Most people have no idea what rare earth elements are, but a wide array of the technologies that we use every single day are dependent on them. Without rare earth elements, we would have no hybrid car batteries, flat screen televisions, cell phones or iPods. Without rare earth elements, the entire "green economy" would not be able to function, because almost all emerging green technologies use them. Not only that, but rare earth elements are used by the U.S. military in radar systems, missile-guidance systems, satellites and aircraft electronics. Without rare earth elements, the U.S. military (and militaries all over the globe) would not be able to function. There are 17 key rare earth elements that we rely on every day. But there is a huge problem. China owns more than 85 percent of the known global reserves of rare earth elements. Right now, the rest of the world is absolutely dependent on China's exports of these metals. Without these Chinese exports, the western world would quickly run out of these precious resources. But in just a few years, the rapidly expanding Chinese economy will gobble up the entire domestic production of Chinese rare earth elements. So what will the rest of the world do at that point?
This is a major problem that you aren't hearing a lot about in the mainstream news.
But analysts are now predicting that by 2012 this could be a tremendous crisis.
So exactly what are rare earth elements?
Well, rare earth elements are a group of 17 relatively rare chemical elements that you can find on the periodic table. These rare metals have names you may not be familiar with such as lanthanum, cerium, tantalum, neodymium and europium. As mentioned above, they are used in products that we use every day such as laptop computers, iPhones, magnets, catalytic converters, night vision goggles and wind turbines. These metals are not well known, but they are absolutely crucial to our way of life.
So what is going to happen when we start running out of them?
According to The Independent, the move towards "green technology" will cause a dramatic increase in demand for rare earth metals in the years ahead. In fact, it is being projected that the world will need 200,000 tons of rare earth elements by the year 2014.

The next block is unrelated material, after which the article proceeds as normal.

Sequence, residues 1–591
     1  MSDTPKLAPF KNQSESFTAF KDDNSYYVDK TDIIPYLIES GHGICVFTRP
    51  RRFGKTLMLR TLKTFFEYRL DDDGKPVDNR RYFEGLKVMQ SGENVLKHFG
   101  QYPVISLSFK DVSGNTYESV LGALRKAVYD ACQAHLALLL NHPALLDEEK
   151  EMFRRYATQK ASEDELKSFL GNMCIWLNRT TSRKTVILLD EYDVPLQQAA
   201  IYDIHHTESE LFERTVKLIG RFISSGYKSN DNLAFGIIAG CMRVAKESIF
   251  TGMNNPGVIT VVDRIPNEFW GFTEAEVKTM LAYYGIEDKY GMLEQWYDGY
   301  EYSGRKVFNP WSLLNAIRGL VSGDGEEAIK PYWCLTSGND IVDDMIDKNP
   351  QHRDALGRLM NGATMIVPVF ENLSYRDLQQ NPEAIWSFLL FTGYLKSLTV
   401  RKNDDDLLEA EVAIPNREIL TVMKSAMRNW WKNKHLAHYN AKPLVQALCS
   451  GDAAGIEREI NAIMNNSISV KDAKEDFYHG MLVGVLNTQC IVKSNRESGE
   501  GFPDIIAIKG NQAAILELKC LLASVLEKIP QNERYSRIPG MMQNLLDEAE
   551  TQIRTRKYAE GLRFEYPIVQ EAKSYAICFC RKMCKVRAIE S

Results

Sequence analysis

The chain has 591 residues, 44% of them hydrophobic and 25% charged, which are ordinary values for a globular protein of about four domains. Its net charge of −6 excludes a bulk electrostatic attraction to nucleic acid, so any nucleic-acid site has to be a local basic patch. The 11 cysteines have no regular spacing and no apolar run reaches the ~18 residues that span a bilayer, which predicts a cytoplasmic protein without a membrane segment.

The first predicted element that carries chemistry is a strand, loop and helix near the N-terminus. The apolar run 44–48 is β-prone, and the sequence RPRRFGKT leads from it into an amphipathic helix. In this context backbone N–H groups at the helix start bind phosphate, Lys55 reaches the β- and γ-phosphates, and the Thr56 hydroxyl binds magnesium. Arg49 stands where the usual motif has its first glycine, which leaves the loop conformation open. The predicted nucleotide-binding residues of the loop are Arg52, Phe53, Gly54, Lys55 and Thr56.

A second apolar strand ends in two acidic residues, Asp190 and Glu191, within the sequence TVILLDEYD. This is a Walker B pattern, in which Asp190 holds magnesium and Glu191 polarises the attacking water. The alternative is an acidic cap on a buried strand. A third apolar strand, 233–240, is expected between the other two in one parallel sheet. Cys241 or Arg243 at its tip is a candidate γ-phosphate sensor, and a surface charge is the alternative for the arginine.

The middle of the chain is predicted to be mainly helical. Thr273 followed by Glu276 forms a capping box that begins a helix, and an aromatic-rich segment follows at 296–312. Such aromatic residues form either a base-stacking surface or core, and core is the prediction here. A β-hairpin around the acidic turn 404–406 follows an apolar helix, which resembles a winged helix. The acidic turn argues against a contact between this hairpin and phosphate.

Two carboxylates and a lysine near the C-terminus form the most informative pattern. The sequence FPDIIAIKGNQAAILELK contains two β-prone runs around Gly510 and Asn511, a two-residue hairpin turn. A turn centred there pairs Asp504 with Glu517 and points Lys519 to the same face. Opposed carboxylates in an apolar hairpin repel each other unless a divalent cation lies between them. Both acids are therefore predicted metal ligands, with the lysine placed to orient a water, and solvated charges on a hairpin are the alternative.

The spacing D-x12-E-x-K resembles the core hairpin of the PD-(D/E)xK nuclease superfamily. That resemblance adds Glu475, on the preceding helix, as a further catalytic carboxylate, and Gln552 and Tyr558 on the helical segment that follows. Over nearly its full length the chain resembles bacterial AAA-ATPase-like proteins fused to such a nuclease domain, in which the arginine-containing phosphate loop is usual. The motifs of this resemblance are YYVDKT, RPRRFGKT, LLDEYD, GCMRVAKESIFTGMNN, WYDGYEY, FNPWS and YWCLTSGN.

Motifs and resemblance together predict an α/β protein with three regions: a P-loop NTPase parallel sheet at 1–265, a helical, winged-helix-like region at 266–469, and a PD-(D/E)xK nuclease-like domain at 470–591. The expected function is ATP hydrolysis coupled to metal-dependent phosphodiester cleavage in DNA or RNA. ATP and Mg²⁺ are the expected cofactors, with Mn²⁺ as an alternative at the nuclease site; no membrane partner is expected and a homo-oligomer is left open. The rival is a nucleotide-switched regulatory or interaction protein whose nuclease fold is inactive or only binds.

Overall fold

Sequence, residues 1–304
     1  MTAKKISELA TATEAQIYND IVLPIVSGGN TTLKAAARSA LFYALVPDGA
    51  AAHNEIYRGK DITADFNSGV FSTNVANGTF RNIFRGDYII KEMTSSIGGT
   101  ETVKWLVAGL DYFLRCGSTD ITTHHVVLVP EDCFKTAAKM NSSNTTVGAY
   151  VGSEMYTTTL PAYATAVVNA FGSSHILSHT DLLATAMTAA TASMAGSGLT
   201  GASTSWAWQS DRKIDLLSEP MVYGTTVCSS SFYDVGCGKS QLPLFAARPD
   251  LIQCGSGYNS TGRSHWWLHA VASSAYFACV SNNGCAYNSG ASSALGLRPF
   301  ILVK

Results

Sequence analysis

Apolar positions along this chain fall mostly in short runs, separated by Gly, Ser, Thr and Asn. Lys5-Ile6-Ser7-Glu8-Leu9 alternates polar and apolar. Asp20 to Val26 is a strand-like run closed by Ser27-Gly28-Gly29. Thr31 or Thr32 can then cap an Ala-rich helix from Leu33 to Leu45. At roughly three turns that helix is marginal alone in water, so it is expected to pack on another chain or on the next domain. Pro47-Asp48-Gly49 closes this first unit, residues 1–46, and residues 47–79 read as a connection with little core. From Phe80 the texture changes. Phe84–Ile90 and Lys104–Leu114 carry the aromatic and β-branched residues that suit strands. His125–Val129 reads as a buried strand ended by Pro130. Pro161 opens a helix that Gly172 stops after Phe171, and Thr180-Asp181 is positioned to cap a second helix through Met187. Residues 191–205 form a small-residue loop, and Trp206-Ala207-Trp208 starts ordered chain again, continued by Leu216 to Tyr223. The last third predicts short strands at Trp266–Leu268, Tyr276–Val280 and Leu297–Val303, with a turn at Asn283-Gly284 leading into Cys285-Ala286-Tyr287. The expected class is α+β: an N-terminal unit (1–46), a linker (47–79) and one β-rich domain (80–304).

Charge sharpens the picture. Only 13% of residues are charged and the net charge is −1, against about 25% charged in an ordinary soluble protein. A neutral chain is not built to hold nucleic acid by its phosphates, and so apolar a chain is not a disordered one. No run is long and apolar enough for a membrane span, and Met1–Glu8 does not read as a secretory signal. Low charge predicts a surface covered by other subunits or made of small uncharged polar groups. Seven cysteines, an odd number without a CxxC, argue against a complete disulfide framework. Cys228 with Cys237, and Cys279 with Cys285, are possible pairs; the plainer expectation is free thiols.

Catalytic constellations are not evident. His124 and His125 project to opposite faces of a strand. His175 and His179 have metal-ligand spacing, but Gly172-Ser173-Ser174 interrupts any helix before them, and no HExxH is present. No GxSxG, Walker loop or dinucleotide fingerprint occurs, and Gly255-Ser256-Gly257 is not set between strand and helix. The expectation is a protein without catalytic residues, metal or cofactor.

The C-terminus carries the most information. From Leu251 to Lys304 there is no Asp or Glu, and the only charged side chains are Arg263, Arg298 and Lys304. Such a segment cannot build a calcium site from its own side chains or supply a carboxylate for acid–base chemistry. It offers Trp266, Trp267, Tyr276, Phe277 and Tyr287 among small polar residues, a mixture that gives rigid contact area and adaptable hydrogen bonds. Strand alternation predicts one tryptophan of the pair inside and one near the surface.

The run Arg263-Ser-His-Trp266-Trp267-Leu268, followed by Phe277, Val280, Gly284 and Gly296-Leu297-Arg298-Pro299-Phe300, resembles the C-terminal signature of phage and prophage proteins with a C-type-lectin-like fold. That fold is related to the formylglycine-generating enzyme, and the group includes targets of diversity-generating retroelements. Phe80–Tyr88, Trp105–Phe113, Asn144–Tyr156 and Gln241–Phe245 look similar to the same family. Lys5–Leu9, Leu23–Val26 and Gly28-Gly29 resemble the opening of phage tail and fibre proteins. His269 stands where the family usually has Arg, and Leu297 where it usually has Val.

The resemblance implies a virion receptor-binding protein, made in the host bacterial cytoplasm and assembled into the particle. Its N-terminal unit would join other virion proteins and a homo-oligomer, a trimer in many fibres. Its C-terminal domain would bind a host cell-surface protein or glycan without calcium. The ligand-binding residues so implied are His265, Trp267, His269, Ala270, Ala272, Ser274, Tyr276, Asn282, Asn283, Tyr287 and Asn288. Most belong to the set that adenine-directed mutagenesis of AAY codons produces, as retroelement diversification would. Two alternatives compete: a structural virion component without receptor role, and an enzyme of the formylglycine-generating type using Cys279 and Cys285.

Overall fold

But analysts fear that China may drop exports of rare earth elements to exactly zero tons by 2012.
Can anyone else see a problem forming?
Last summer, one leaked report indicated that Chinese authorities were already considering a complete export ban of the most critical of the rare earth elements.
But while we may speculate when the complete ban is coming, the truth is that China has already moved to dramatically cut back exports of the metals.
China recently announced that they have cut export quotas for rare earth elements by 72 percent for the second half of 2010. The U.S. government reacted quite angrily to this news and warned that this could potentially cause a trade war.
TechNewsDaily recently quoted W. David Menzie, chief of the international minerals section at the U.S. Geological Survey, regarding the coming shortage of rare earth elements....
"Countries and companies that have or plan to develop industries that need rare earth minerals to make products are concerned about China's growing consumption, which they fear will eliminate China's exports of rare earths."
So what needs to be done?
Well, nations and corporations that use rare earth elements need to start weaning themselves off the supply coming from China.
But there is a huge problem.
That cannot be done overnight.
According to a recent report by the U.S. Government Accountability Office, building an independent U.S. supply chain for rare earth elements could take up to 15 years.
So what in the world will we do until then?
That is a very good question.
The truth is that those running the U.S. government are just not very good at thinking strategically.
The U.S. Government Accountability Office report mentioned above lists Mountain Pass, California as perhaps the largest non-Chinese rare earth deposit in the world.
But it almost fell into Chinese hands unnoticed.
You see, the mine in Mountain Pass is owned by Unocal, and in 2005 a Chinese bid for Unocal almost succeeded.
Yes, the Chinese were trying to strengthen their monopoly on rare earth elements and it almost worked.
Not that they don't have the rest of the world in a very difficult situation already.
The truth is that if China cut off the export of all rare earth elements to the rest of the world tomorrow, it would throw the global economy into absolute chaos.
That is a lot of power for China to have.
Let's just hope they don't use it any time soon.